Using social collaboration tools? Want your opinions heard? Then take a few minutes to take a new survey by Aberdeen 500px-Collaboration-handsGroup  focused on social collaboration.

The enterprise social collaboration concept has been around for a few years, evolving from IM and other chat tools into activity streams, document sharing, web meeting, and other combined technologies to better enable cooperation in all kinds of workplaces.

We’d like to hear how Sugar users are connecting distributed workers, and those in the same campus, via enterprise collaboration tools. The more we learn, the more we can shape our product and integration strategy to best fit the true needs of the Sugar user.

Take the survey HERE.

A Case for cRm.

Martin Schneider —  June 6, 2013 — 3 Comments

The technology that supports the interactions between a customer and a business have gone through all sorts of changes over r-blogthe past several decades. Advancements in technology, buyer behavior, high-level phenomenon like social media, etc. have all left their mark on CRM technology.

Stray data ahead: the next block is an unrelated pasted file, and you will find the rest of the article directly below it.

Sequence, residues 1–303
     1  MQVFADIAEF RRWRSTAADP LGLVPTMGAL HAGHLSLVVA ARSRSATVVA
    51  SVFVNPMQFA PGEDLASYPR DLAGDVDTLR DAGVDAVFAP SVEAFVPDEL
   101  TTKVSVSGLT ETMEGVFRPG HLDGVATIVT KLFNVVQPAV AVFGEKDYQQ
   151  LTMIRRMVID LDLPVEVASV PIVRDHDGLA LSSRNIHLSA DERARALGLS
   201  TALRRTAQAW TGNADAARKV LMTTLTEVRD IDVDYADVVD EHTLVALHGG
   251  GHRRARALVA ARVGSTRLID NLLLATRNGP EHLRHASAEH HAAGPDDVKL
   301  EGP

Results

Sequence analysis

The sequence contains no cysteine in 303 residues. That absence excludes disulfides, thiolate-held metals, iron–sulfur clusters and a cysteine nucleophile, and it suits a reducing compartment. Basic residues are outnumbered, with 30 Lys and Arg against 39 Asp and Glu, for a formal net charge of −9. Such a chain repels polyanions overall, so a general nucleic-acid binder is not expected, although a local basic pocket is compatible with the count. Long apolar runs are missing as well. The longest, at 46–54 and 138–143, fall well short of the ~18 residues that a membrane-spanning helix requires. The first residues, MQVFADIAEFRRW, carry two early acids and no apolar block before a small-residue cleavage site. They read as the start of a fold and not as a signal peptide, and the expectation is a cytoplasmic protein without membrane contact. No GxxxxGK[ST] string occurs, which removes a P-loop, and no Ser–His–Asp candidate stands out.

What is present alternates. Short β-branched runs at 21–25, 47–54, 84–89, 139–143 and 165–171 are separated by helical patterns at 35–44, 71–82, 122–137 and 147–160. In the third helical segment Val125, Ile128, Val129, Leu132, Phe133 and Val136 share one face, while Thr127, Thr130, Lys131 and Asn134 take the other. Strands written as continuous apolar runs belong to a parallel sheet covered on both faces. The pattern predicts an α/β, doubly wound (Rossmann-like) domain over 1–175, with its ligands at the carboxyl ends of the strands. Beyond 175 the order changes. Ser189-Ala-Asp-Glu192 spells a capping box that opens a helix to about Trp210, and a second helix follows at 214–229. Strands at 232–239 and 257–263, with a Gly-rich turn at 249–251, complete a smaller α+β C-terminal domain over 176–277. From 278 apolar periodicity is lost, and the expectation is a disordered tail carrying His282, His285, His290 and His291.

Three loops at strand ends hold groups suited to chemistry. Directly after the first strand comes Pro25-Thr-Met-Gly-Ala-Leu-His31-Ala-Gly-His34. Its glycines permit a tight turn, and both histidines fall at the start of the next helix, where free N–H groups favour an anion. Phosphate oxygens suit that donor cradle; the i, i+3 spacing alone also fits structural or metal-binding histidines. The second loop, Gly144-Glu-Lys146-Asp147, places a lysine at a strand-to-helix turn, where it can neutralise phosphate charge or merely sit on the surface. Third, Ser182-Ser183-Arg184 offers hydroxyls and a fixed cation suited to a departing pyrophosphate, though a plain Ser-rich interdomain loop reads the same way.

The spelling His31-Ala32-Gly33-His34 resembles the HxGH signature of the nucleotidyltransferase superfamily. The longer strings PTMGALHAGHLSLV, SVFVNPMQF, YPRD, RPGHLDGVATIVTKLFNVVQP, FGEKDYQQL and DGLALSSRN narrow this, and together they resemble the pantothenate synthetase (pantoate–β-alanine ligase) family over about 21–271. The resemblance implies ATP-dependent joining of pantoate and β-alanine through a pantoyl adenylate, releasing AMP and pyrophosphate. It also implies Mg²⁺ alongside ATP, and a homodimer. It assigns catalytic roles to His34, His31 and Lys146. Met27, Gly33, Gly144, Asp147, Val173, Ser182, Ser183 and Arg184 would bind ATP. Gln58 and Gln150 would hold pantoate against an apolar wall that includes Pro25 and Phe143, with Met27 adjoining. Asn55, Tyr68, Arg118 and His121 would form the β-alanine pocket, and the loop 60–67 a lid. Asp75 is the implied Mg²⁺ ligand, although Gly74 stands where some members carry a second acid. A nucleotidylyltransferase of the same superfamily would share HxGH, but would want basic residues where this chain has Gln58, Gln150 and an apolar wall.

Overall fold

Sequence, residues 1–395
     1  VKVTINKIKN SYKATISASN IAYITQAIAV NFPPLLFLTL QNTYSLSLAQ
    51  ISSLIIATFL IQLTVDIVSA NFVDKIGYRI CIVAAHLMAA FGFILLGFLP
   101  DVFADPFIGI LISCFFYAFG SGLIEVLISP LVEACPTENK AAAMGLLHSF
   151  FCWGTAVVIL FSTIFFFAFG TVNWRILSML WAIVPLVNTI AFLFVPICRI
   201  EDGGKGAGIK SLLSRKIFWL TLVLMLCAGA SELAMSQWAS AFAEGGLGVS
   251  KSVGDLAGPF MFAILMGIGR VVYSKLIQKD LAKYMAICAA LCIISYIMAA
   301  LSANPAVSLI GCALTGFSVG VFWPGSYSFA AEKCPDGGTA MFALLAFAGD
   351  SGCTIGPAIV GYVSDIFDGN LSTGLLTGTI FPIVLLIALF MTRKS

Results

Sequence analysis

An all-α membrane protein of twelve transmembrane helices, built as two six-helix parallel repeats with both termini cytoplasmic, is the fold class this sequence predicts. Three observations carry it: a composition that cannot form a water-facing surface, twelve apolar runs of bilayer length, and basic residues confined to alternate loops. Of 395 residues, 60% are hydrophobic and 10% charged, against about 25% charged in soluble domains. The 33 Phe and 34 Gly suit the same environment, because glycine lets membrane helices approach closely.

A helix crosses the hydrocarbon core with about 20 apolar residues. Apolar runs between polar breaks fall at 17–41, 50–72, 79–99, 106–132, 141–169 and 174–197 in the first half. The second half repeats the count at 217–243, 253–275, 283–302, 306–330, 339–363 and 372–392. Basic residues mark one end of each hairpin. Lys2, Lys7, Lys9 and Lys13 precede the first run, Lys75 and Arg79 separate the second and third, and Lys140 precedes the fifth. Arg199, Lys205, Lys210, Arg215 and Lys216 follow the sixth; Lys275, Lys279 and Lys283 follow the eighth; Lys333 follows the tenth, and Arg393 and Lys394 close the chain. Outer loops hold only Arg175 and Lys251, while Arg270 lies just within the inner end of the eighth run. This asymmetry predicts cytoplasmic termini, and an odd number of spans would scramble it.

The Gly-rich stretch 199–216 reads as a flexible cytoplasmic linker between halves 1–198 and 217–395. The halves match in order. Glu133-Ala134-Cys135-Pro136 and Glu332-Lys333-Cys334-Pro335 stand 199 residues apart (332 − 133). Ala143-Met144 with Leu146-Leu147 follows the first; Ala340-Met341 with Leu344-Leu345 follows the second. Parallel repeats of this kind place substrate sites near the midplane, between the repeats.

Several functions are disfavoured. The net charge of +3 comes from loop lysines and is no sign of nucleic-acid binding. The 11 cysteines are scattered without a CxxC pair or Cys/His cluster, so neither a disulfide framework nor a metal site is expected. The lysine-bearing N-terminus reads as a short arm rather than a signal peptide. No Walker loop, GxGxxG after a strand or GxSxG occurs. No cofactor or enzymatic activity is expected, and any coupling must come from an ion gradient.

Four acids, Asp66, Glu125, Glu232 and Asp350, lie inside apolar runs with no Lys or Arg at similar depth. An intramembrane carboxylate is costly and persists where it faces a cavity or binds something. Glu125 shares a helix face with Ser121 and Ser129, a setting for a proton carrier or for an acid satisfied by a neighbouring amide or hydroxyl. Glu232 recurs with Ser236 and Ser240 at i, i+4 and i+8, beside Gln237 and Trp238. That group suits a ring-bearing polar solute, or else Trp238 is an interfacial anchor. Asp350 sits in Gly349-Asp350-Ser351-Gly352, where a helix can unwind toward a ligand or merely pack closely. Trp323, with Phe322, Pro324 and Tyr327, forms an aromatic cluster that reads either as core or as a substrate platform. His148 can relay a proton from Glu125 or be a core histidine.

One could argue that in different phases of its evolution, each of the three initials of C-R-M have been the focus. For example, when application software was a nascent market, the simple fact of managing the data around a sales person’s activities (the”M” in CRM) was the focus. Prior to early CRM systems, pen and paper, and early unwieldy databases were the status quo. In short, there was very little focus on the customer and the relationship – just managing and trying to standardize processes and capturing actions. And to keep the “management” conceit going, most early CRM systems benefitted managers more than actual users. Users were forced to enter data, which benefitted management reports around company performance, rather than actually helping users do their jobs better.

As the web, service oriented architectures, the cloud and social media became commonplace, CRM started to become more about customer data. The addition of “the customer” (or the “C” in CRM) sounds ironic, but it was a novel change. Most CRM systems, as noted above, focused on the sales or support agent’s activities and workflow process management, management-level reports, etc. – NOT on optimizing the insights around customer histories to create meaningful experiences at every touch point. Adding the C is a great evolutionary step.